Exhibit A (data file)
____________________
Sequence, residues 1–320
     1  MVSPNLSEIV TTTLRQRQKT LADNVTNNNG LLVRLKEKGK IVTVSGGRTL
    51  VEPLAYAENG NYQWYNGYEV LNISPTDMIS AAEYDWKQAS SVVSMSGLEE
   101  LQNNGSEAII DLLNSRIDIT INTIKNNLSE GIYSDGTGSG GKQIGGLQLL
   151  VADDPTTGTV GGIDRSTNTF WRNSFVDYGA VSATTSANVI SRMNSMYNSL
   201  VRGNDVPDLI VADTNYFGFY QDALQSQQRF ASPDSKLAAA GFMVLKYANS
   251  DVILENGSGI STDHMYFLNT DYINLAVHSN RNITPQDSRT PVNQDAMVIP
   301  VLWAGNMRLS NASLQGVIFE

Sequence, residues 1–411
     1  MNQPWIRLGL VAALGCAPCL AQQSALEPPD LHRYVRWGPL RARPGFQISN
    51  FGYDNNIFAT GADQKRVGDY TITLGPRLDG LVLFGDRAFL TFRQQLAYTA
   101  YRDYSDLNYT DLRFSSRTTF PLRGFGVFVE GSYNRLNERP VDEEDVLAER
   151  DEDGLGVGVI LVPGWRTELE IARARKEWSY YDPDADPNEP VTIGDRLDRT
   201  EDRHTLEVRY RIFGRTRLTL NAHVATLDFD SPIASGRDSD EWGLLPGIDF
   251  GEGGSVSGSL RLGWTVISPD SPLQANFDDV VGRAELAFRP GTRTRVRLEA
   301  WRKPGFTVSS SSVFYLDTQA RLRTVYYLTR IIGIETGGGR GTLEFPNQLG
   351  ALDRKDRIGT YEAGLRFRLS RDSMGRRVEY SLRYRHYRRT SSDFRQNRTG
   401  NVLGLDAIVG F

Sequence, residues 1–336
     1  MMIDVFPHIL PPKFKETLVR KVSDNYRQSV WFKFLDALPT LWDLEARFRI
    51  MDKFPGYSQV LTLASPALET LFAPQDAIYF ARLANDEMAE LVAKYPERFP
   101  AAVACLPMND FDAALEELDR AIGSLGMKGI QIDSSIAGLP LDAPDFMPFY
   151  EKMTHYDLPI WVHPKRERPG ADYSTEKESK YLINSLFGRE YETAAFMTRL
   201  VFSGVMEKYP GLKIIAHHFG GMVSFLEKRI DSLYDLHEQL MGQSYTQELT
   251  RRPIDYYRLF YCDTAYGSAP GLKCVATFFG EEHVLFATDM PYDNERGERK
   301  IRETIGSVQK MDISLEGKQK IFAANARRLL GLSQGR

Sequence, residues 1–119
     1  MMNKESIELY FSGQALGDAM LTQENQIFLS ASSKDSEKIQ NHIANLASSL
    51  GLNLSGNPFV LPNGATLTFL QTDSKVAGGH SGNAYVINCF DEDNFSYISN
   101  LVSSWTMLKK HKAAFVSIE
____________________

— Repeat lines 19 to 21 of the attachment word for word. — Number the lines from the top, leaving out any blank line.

Sequence, residues 1–336
     1  MMIDVFPHIL PPKFKETLVR KVSDNYRQSV WFKFLDALPT LWDLEARFRI
    51  MDKFPGYSQV LTLASPALET LFAPQDAIYF ARLANDEMAE LVAKYPERFP